Feeds

CHRISTMAS MIRACLE! Dell's Android PC on a stick to ship with Santa

$100 thin thingy will be looking looking for lovelorn VDI buyers under the misteltoe

Security for virtualized datacentres

Dell's Project Ophelia PC-on-a-stick will finally come to fruition “before Christmas”, staff of the newly-privatised entity told The Reg at the Dell Enterprise Forum in Melbourne today.

Now known as “Wyse Cloud Connect”, Project Ophelia debuted back in January at the Consumer Electronics Show in Las Vegas. By May rumours suggested the device would emerge in July. Now Dell bods are saying Santa might just toss one out of his sleigh and into your office, where they hope it will find a useful role as a thin client.

The Cloud Connect stick's schtick is simple: the device plugs into a HDMI port and also sucks power from that connector. There's also a Micro SD card slot and a pair of mini-USB connectors for fripperies like keyboards and mice, but there's also Bluetooth.

Once you boot up it's Android all the way, with the demo unit we saw also boasting VDI “player” apps for Citrix and Vmware, plus Dell's own offering. Invoke that app and the magic of WiFi plus all sorts of back-end fun sees a desktop appear on the monitor.

Dell's Wyse Cloud Connect thin client on a stick

The PC on a stick formerly known as Project Ophelia

The Reg also heard hints that Dell may offer a VDI “solution” of some sort at or near the time of launch, as the company feels delivering virtual desktops is a bit hard at present and that customers would appreciate a simpler way.

Simpler VDI makes a lot of sense after Amazon Web Services last week made it about as simple as possible with its $US35/month streaming PC offer.

In the short time we were able to view the Wyse Cloud Connect it appeared to offer a vanilla Android experience and to be capable of running just about any app.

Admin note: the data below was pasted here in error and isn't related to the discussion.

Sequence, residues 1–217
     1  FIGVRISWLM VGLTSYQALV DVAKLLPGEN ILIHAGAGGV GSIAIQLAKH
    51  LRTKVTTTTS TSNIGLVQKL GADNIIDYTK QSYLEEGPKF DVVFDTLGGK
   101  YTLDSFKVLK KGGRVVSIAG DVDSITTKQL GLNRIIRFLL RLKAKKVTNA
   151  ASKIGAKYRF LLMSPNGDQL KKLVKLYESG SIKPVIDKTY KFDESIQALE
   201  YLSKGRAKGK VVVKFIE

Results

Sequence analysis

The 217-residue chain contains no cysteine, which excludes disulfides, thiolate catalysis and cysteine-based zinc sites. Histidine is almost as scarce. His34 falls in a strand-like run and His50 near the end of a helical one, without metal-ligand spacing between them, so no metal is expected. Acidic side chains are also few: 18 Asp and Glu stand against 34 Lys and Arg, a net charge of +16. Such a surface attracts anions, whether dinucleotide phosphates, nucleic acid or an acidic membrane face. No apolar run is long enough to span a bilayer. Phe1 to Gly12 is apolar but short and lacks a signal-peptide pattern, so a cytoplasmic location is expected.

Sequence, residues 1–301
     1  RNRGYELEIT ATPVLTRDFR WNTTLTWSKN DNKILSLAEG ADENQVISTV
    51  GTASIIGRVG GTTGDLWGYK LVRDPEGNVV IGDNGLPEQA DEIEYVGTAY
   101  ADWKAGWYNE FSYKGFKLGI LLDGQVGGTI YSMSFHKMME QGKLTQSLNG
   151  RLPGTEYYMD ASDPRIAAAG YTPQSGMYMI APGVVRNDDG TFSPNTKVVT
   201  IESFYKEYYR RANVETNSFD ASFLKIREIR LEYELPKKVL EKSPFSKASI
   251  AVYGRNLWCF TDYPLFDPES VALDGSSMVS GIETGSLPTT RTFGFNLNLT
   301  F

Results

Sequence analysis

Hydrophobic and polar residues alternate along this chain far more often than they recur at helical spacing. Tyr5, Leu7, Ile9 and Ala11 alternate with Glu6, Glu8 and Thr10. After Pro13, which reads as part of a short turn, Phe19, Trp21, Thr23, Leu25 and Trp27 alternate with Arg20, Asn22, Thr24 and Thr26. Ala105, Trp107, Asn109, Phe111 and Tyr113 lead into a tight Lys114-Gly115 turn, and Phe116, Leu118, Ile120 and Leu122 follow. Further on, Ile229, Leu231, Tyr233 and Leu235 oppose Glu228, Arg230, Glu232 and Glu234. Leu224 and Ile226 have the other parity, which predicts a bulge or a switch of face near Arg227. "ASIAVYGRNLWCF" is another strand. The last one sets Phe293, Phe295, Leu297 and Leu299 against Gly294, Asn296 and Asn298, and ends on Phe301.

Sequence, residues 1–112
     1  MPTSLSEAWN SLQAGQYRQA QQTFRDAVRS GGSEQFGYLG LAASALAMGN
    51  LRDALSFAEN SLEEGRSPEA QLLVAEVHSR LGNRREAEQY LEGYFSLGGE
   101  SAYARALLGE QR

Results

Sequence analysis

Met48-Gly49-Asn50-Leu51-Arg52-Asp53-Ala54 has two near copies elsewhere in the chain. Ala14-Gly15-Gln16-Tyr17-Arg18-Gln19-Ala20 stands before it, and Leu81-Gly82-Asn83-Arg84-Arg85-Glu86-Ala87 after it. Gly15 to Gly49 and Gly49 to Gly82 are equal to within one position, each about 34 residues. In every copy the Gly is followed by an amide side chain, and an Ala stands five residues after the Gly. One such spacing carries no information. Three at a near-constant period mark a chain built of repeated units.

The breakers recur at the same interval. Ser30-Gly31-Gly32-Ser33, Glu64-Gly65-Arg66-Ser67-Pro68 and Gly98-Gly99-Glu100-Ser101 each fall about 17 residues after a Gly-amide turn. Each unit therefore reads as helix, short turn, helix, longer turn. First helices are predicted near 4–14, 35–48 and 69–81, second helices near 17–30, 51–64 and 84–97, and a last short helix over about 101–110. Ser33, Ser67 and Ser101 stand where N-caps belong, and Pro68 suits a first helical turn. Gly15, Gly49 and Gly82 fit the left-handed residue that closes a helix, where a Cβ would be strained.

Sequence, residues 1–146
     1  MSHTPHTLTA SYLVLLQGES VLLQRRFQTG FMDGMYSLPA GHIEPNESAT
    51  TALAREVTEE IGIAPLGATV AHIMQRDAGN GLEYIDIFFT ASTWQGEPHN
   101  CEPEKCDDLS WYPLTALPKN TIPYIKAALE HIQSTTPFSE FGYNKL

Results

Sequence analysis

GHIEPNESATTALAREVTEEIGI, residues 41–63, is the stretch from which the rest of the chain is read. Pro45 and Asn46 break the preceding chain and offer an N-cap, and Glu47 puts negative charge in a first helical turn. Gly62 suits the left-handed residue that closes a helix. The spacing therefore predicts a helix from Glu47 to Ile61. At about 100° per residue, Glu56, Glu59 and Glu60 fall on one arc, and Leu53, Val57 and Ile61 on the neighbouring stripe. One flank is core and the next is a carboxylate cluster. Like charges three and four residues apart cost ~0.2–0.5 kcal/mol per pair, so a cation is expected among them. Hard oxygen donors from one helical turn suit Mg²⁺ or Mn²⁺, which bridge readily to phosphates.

There's no word on whether a consumer version is still in the works, but as we've previously noted it would have lots of competition from cheapie devices available from online tat bazaars. Perhaps Dell's decided it's an enterprise offering, in which case makers of thin and zero clients have something to say “bah humbug” about over the festive season. ®

Top 5 reasons to deploy VMware with Tegile

More from The Register

next story
How the FLAC do I tell MP3s from lossless audio?
Can you hear the difference? Can anyone?
iPAD-FONDLING fanboi sparks SECURITY ALERT at Sydney airport
Breaches screening rules cos Apple SCREEN ROOLZ, ok?
Apple's new iPhone 6 vulnerable to last year's TouchID fingerprint hack
But unsophisticated thieves need not attempt this trick
Crouching tiger, FAST ASLEEP dragon: Smugglers can't shift iPhone 6s
China's grey market reports 'sluggish' sales of Apple mobe
The British Museum plonks digital bricks on world of Minecraft
Institution confirms it's cool with joining the blocky universe
Turn OFF your phone or WE'LL ALL DI... live? Europe OKs mobes, tabs non-stop on flights
Airlines given green light to allow gate-to-gate jibber-jabber
prev story

Whitepapers

Providing a secure and efficient Helpdesk
A single remote control platform for user support is be key to providing an efficient helpdesk. Retain full control over the way in which screen and keystroke data is transmitted.
Intelligent flash storage arrays
Tegile Intelligent Storage Arrays with IntelliFlash helps IT boost storage utilization and effciency while delivering unmatched storage savings and performance.
Beginner's guide to SSL certificates
De-mystify the technology involved and give you the information you need to make the best decision when considering your online security options.
Security for virtualized datacentres
Legacy security solutions are inefficient due to the architectural differences between physical and virtual environments.
Secure remote control for conventional and virtual desktops
Balancing user privacy and privileged access, in accordance with compliance frameworks and legislation. Evaluating any potential remote control choice.